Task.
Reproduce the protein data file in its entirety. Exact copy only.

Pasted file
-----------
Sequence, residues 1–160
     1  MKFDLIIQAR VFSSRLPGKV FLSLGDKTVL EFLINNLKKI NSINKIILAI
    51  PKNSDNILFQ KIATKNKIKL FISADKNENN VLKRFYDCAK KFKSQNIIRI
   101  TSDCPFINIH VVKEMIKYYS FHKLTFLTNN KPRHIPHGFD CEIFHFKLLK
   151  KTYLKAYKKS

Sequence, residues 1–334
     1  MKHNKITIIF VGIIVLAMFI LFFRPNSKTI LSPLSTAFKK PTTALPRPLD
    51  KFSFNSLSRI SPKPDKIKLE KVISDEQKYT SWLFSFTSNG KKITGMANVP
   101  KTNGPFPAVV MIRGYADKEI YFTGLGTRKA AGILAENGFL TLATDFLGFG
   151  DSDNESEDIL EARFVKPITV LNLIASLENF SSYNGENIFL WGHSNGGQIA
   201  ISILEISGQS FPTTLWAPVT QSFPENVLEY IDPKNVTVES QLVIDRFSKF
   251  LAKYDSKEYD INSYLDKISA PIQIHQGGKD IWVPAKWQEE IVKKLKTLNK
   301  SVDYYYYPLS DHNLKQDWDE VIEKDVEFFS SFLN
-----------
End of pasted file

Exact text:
Sequence, residues 1–160
     1  MKFDLIIQAR VFSSRLPGKV FLSLGDKTVL EFLINNLKKI NSINKIILAI
    51  PKNSDNILFQ KIATKNKIKL FISADKNENN VLKRFYDCAK KFKSQNIIRI
   101  TSDCPFINIH VVKEMIKYYS FHKLTFLTNN KPRHIPHGFD CEIFHFKLLK
   151  KTYLKAYKKS

Sequence, residues 1–334
     1  MKHNKITIIF VGIIVLAMFI LFFRPNSKTI LSPLSTAFKK PTTALPRPLD
    51  KFSFNSLSRI SPKPDKIKLE KVISDEQKYT SWLFSFTSNG KKITGMANVP
   101  KTNGPFPAVV MIRGYADKEI YFTGLGTRKA AGILAENGFL TLATDFLGFG
   151  DSDNESEDIL EARFVKPITV LNLIASLENF SSYNGENIFL WGHSNGGQIA
   201  ISILEISGQS FPTTLWAPVT QSFPENVLEY IDPKNVTVES QLVIDRFSKF
   251  LAKYDSKEYD INSYLDKISA PIQIHQGGKD IWVPAKWQEE IVKKLKTLNK
   301  SVDYYYYPLS DHNLKQDWDE VIEKDVEFFS SFLN